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Rolling Stones songs: If You Really Want To Be My Friend
*Click for MORE ROLLING STONES SONGS 1962-PRESENT
If you really want you to understand me/ I’ll tell you something, that love can’t thrive on jealousy…
Written by: Jagger/Richard
Recorded: Musicland Studios, Munich, Germany, Jan. 14-28 1974; Rolling Stones Mobile, Stargroves, Newbury, England, Apr. 1974; Island Recording Studios, London, England, May 20-25 1974
Guest musicians: Nicky Hopkins (piano), Billy Preston (organ), Blue Magic (backing vocals)
*Data taken from Martin Elliott’s book THE ROLLING STONES COMPLETE RECORDING SESSIONS 1962-2012
One of the slower songs on the album, it is probably about a girlfriend who the singer really loves, but she is interfering with his rock n’ roll lifestyle. Another song with the same message is “Free Bird” by Lynyrd Skynyrd.
The Stones used several different piano players over the years. This song features Nicky Hopkins, who also played with The Beatles, The Who, The Climax Blues Band, The Kinks, Jefferson Airplane and many others.
From the The Rolling Stones – All the Songs book:
“If You Really Want to Be My Friend” opens with the words: If you really
want to be my friend, let me live it up like I used to do, followed a few lines
later by: If you really want to understand a man, let him off the lead
sometimes, set him free. Nothing is working for this couple anymore… the
song’s protagonist has realized that his relationship with his wife or
girlfriend is becoming more and more onerous to him, and he is asking her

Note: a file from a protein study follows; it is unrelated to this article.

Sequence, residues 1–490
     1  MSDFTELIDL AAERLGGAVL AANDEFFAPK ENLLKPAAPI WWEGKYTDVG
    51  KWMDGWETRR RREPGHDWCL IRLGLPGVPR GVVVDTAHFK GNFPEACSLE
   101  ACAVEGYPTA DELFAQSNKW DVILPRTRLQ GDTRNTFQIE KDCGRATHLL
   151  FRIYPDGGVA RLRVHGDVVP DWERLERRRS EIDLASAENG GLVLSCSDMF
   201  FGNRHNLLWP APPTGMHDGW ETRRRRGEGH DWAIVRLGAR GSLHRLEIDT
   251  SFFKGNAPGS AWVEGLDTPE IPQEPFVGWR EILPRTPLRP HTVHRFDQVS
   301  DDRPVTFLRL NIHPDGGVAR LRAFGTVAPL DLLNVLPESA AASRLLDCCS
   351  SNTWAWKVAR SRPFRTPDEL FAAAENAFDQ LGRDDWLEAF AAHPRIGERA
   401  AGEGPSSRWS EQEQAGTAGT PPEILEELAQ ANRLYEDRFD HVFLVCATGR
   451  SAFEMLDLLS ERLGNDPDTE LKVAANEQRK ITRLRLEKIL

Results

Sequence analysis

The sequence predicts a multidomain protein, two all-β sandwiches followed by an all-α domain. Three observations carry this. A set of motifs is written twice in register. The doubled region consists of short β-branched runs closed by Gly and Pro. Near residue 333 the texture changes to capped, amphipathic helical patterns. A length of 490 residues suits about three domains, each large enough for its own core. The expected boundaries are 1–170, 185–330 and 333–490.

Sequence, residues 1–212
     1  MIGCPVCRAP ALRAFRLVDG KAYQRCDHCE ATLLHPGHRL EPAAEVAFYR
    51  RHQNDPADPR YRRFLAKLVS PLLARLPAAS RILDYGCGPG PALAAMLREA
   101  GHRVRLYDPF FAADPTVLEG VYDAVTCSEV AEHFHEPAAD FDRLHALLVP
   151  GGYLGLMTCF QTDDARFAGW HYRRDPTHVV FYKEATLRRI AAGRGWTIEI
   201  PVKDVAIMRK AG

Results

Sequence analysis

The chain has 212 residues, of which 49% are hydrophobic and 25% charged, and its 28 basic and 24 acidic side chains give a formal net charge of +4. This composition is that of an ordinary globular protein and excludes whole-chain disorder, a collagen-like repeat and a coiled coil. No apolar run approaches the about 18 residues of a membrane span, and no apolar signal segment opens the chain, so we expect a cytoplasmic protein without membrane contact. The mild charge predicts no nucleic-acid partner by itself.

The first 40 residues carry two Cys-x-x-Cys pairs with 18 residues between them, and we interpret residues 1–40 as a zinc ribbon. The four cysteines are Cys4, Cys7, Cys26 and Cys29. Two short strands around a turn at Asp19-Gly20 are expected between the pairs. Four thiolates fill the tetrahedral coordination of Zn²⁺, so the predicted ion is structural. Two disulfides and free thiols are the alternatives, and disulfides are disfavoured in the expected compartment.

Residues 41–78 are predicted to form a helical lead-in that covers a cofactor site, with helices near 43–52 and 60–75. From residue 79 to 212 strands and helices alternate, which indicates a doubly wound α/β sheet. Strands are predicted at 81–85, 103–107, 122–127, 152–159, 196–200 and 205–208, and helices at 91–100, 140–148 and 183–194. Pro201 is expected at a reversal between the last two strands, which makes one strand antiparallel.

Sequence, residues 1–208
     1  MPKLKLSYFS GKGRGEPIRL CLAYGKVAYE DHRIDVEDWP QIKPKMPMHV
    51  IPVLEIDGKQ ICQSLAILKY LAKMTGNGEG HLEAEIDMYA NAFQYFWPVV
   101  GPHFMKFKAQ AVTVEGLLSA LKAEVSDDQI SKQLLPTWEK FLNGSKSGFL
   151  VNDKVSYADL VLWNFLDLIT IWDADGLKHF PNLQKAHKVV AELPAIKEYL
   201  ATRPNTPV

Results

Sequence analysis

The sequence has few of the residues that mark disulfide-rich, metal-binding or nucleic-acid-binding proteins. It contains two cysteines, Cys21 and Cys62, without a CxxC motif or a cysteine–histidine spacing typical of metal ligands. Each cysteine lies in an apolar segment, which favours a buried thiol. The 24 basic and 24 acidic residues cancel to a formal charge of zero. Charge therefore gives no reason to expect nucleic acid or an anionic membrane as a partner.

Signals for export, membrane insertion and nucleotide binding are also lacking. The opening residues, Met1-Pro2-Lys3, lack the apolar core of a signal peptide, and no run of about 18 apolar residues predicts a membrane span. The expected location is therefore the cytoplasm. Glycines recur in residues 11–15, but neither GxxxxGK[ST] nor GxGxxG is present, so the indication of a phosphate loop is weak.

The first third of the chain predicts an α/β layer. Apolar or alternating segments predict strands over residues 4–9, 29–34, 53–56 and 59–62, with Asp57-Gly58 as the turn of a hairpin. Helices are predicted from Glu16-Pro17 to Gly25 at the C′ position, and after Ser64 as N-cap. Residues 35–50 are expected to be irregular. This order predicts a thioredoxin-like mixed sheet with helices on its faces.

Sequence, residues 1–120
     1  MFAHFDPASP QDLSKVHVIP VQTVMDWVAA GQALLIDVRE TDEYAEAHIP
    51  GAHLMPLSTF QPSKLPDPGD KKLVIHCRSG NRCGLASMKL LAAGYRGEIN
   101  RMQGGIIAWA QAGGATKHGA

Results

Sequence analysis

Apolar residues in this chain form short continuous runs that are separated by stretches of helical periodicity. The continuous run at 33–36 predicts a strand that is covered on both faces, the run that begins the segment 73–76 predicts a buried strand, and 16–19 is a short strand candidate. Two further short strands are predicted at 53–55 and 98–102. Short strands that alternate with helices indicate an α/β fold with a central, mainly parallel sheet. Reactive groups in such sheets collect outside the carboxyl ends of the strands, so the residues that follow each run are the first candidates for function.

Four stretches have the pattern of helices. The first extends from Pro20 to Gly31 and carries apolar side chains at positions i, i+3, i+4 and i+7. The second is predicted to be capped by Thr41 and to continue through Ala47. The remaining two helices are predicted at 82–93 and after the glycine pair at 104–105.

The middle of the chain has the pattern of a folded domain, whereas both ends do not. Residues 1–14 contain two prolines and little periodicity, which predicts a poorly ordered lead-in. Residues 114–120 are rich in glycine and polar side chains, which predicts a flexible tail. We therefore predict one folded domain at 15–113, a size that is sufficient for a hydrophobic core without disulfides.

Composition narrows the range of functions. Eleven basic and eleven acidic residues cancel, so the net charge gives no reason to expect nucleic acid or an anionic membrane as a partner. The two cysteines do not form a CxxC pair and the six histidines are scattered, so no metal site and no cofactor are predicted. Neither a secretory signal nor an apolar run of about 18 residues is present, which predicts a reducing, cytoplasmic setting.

to be a little more accommodating. The message sounds like a warning. Is it
addressed implicitly to Bianca?
After “Till the Next Goodbye,” this is the Stones’ second ballad of the
album. This time the vocal group Blue Magic has been brought in to
provide a touch of gospel. It seems that the English musicians had a
genuine fondness for the genre; they had made one of their earliest
incursions into it back in 1968 with “Salt of the Earth” on Beggars Banquet.
Keith Richards opens the song with an augmented fifth chord. To obtain his
rich and colorful swirling sound, he is probably plugged into a Leslie
speaker, although he might be using the Synthi Hi-Fli as he did on “Time
Waits for No One.” It is almost certainly Keith on acoustic too (Gibson
Hummingbird), and a fuzz guitar can be heard at 1:40 and 2:59 that also
bears his signature. Mick Taylor, meanwhile, plays a clear-toned lead, at
least in the intro, before delivering a pretty extraordinary solo at 3:32, this
time with phasing (on his Gibson Les Paul?). Mick Jagger is not always as
comfortable singing ballads as he is in rock or blues numbers, but it has to
be acknowledged that he masters this song with ease and flair, perhaps
inspired by the presence of Blue Magic. Nicky Hopkins, who joins the
others whenever some lyrical piano is required, performs his task with
disconcerting facility, demonstrating the importance of his contribution to
the Stones sound, especially during this period. As for Bill Wyman and
Charlie Watts, their rhythm playing is perfect for this song, the drummer
and bassist providing powerful and yet subtle support that shows why, as a
unit, they were such a key element in the group
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Categories: Can You Hear the Music?